Vilified in China, the church has had a mixed welcome in South Korea. Photo: Andrew Salmon/Asia Times

Read Part 1 of this report here.

The sub-tropical island of Jeju, off South Korea’s southern coast, was for decades a holiday getaway and honeymoon destination for South Koreans. More recently, Jeju has offered visa-free access in order to attract Chinese tourists, but its status has also lured refugees: Last year, several hundred Yemeni asylum seekers arrived on the island.

In July 2018, amid national angst about the Yemenis’ arrival, the backdoor access through which asylum seekers could enter the mainland via Jeju was closed by legal changes. What has previously gone largely unreported is that Jeju had, prior to the Yemenis’ arrival, quietly provided access to South Korea for 997 Chinese Church of Almighty God (CAG) members fleeing persecution in China, where their underground church is considered a cult. Currently, 39 CAG members are stranded on the isle, though the majority are on the mainland.

While CAG, an underground religion, has no brick-and-mortar structures in China, it boasts four churches in South Korea. The biggest, where church members offered their testimony to Asia Times, sits in an industrial suburb in southern Seoul that is also home to a community of Chinese migrant workers.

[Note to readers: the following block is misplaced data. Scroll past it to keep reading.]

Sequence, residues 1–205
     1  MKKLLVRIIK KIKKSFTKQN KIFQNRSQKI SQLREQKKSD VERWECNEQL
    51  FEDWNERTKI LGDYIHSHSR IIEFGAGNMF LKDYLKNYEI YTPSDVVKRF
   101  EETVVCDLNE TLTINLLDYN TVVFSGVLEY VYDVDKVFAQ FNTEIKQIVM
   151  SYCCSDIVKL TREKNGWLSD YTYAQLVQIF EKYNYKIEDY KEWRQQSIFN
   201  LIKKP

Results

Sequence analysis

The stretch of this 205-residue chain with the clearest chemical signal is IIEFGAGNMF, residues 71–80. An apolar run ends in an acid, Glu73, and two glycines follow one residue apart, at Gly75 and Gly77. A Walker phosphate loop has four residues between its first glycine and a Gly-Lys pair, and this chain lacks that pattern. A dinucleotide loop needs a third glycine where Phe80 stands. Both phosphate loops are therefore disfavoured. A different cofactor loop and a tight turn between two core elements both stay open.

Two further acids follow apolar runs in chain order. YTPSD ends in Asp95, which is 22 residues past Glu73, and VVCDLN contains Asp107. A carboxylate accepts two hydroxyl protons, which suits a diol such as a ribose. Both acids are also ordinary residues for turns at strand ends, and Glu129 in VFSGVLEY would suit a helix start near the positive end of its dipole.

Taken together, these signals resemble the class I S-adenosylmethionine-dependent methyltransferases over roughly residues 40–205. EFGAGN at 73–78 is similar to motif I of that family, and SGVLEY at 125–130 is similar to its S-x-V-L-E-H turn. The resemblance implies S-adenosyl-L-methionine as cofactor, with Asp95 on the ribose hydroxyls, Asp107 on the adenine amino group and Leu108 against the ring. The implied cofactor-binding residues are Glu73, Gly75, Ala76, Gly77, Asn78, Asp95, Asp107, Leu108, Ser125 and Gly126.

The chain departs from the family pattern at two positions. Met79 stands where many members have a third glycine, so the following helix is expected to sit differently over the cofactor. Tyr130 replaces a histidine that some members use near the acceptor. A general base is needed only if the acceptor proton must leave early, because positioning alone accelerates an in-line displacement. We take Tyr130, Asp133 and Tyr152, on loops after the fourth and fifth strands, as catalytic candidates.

The Church of Almighty God in southern Seoul. Photo: Andrew Salmon/Asia Times

It is a modern building, but although CAG believers call it a church, there unusually is no central worship space; it looks more like an office building. Nor are there any priests: believers worship, alone or in small groups, at a small collection of pews for prayer. One room features an exhibition showcasing what appear to be photographs of torture and suppression; only on closer inspection do they prove to be highly realistic paintings.

Church members have a shy, quiet air. Though legally unable to work in South Korea, they appear prosperous, are modestly but well dressed and are armed with the latest smartphones. But they are vague on their incomes. One, “You Xin,” said she has subsisted since 2015 on a monetary gift from her mother. And clearly, there is a community fabric.